The federal government shutdown kept some would-be car shoppers away from dealerships in the first half of October, but forecasters still expect U.S. auto sales to rise at least 12 percent this month.
The debt ceiling battle in Congress dinged consumer confidence and added to concerns lingering from September, when the industry broke a 27-month streak of consecutive gains.
Some dealers near Washington said last week that traffic still had not rebounded since the government resumed full operations Oct. 17, while others said they saw few effects from the 16-day shutdown.
"Whatever the reason, for us it's trending to be one of the better months of the year," said Jim Bone, dealer principal at Nissan Santa Rosa, 50 miles north of San Francisco. But Bone said business at his adjacent Kia store has been "off significantly" in October.
Forecasts call for October sales to be about 7 percent higher than in September, despite recent warnings by several auto executives that the shutdown could cause sales to fall this month. Hyundai Motor America CEO John Krafcik said Oct. 15 that demand could be 5 to 10 percent lower than in September.
Analysts from LMC Automotive, Kelley Blue Book and Barclays Capital said they think the industry's seasonally adjusted annualized selling rate would climb to an estimated 15.4 million, from 15.3 million last month and 14.4 million in October 2012. Edmunds.com is forecasting a 13 percent increase and a SAAR of 15.5 million.
Automakers are scheduled to report October sales on Friday.
"It looks like the government shutdown ended just in the nick of time," Jessica Caldwell, Edmunds' senior analyst, said in a statement. "The week-by-week data suggest that consumers started to get jittery by the middle of the month.
"But with the government back to work, most lost sales should be made up in the latter half of the month, and the industry's momentum will continue the pace it enjoyed before the disruption in Washington."
TrueCar.com reported a 28 percent decline in daily sales in the first half of October, when more than 800,000 government workers were furloughed, compared with the first half of September. It called the drop "significant" and said state-by-state declines varied from 63 percent in Alaska, which has a high proportion of federal employees, to just 1 percent in Mississippi.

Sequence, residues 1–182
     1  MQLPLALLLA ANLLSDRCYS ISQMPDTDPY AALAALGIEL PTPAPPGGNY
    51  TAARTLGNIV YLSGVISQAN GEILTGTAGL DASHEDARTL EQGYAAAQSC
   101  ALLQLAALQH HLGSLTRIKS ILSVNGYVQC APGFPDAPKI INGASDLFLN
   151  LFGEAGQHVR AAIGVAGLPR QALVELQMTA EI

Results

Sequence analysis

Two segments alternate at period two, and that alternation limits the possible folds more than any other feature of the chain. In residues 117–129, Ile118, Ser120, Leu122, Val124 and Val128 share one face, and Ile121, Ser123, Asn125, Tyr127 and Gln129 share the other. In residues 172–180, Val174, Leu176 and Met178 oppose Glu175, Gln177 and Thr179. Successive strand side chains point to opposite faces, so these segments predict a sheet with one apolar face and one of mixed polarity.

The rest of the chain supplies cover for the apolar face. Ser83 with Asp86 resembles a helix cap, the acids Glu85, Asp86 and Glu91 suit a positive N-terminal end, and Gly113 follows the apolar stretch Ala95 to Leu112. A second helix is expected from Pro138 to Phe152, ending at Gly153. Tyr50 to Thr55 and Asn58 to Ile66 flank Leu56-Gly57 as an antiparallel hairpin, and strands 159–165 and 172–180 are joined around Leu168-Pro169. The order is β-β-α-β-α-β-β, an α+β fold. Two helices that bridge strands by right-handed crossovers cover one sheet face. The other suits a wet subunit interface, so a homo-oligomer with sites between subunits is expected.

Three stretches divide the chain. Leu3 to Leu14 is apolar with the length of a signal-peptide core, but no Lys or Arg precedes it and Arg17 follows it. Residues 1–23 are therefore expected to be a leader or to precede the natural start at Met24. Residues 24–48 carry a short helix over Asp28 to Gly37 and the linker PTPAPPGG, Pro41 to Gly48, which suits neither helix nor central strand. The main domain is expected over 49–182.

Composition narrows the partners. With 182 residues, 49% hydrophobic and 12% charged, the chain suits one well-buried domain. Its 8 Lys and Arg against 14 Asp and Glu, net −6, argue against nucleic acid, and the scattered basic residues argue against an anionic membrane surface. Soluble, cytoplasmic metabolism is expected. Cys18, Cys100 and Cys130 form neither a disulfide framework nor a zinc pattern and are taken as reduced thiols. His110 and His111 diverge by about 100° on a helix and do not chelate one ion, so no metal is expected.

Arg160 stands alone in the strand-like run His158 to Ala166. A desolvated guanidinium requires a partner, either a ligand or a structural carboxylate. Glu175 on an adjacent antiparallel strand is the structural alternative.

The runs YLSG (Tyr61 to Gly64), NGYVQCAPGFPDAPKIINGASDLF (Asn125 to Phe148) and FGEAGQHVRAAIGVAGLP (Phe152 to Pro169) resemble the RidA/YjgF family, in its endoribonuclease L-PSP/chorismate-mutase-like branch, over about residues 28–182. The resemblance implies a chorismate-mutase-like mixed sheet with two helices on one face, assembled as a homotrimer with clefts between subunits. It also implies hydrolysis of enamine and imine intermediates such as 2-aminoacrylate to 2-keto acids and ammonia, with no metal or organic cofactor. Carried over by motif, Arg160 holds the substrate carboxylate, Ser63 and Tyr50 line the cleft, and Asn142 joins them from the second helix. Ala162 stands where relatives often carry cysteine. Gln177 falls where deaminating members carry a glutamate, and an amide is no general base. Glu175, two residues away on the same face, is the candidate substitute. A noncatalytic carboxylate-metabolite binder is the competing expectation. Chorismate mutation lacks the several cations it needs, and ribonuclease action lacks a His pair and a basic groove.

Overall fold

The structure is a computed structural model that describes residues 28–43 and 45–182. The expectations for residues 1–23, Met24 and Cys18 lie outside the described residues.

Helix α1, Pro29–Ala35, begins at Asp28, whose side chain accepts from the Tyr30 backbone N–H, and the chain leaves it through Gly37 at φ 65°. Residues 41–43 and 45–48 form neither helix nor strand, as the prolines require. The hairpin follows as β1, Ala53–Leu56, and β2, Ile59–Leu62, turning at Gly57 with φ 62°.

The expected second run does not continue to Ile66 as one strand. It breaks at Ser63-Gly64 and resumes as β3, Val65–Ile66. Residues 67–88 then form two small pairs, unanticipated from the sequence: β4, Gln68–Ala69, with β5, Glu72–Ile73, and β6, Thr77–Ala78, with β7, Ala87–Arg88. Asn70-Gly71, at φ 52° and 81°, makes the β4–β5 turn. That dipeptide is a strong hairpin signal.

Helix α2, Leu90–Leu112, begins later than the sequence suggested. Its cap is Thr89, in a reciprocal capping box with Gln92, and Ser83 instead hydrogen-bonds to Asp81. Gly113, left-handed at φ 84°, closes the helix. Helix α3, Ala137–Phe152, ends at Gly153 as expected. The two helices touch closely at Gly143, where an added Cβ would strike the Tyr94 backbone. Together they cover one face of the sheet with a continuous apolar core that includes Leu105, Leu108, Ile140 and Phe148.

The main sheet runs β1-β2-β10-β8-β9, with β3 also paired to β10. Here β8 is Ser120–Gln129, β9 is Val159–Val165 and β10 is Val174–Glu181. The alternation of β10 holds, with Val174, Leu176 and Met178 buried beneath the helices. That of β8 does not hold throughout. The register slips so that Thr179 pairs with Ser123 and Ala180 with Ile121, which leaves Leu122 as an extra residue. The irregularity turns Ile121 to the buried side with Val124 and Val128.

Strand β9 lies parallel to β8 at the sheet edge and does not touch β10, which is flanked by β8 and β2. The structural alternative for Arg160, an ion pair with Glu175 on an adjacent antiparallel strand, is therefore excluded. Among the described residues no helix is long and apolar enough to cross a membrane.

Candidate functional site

"There is no question that the federal government shutdown had a disruptive impact on sales," Mike Jackson, CEO of AutoNation, said during a conference call to discuss third-quarter earnings. "Business was very strong from August going through Labor Day, and once the prospect of the government shutdown became more certain it definitely was disruptive to sales."
Jackson said that traffic began picking up after the shutdown ended and that sales for the rest of the year should keep rising as a result of new products and continued pent-up demand from people who need to replace their vehicles.
"We'll have to wait until we announce our October results to see how that all worked out," Jackson said, "but I expect the increases we saw throughout the year will now resume in the fourth quarter."
LMC last week reduced its full-year retail-sales forecast by 100,000 units, to 12.8 million. Its forecast for total sales in 2013 is unchanged at 15.6 million, matching the projections by KBB and Barclays analyst Brian Johnson.
Through September, automakers sold 11.8 million vehicles, the most since a nine-month total of 12.4 million in 2007. Since the recovery began in 2009, the fourth quarter has accounted for slightly more than 25 percent of annual sales on average; a continuation of that trend would result in a full-year total of 15.7 million.